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A Somber Anniversary in Guinea

A photo taken on September 28, 2012 in Conkary, Guinea shows youth in the street during the funeral procession for two young opposition supporters killed by police during recent clashes.

Three years ago, security forces massacred peaceful protestors at an opposition rally.

Since gaining independence from France in 1958, the West African nation of Guinea has endured many setbacks on the road to democratic government. The country has had a history of autocratic leadership and military coups, impinging human rights, political debate and free expression.

That record reached its lowest point three years ago, when security forces massacred peaceful protestors at an opposition rally in the capital, Conakry. The United States, with Guineans and others around the world, wishes to commemorate the tragedy and call for an end to political violence and impunity in Guinea.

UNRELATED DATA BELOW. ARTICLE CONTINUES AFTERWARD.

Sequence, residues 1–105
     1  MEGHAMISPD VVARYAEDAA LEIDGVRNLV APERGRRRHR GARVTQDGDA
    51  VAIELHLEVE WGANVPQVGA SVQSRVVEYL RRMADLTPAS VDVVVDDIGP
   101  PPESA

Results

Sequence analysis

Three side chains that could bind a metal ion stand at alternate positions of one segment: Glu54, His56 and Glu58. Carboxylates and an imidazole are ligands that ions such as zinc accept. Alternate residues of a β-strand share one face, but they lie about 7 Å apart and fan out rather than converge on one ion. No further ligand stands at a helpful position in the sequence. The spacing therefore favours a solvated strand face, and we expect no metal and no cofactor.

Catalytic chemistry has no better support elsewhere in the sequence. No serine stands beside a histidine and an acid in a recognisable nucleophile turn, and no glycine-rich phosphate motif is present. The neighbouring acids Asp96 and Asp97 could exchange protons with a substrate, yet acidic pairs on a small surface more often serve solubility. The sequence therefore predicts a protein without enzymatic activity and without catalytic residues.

The violence erupted on September 28, 2009, when members of the elite presidential guard fired on a crowd of thousands gathered in a sports stadium to protest against Captain Moussa Dadis Camara, the leader of the military junta that took power in December 2008, and his candidacy in January 2010 elections. Accounts vary on what set off the melee, but a consensus suggests security forces tried to disrupt the rally by firing tear gas into the crowd, and when panic ensued, they began indiscriminately firing at unarmed civilians. Rally leaders were arrested, at least 150 people were killed, and more than 100 women were raped and suffered other forms of sexual abuse. Camara was later wounded in an assassination attempt and Alpha Conde was elected president in 2010.

Political turmoil did not end there, however. Last year, three protestors were killed during clashes with police and demonstrators at a banned rally calling for legislative elections. And this July, security forces clashed violently with villagers demanding jobs at a proposed mining project.

The United States calls on the government and people of Guinea to accelerate the pace of the nation’s democratic progress. Timely and transparent legislative elections are long overdue. Those responsible for the 2009 Conakry massacre must be identified and held accountable. And a dual process of national reconciliation and justice sector reform must begin that will address the nation’s long history of political violence and impunity.

We also call on protestors to remain peaceful, the government to respect freedom of assembly, and the police to refrain from excessive use of force.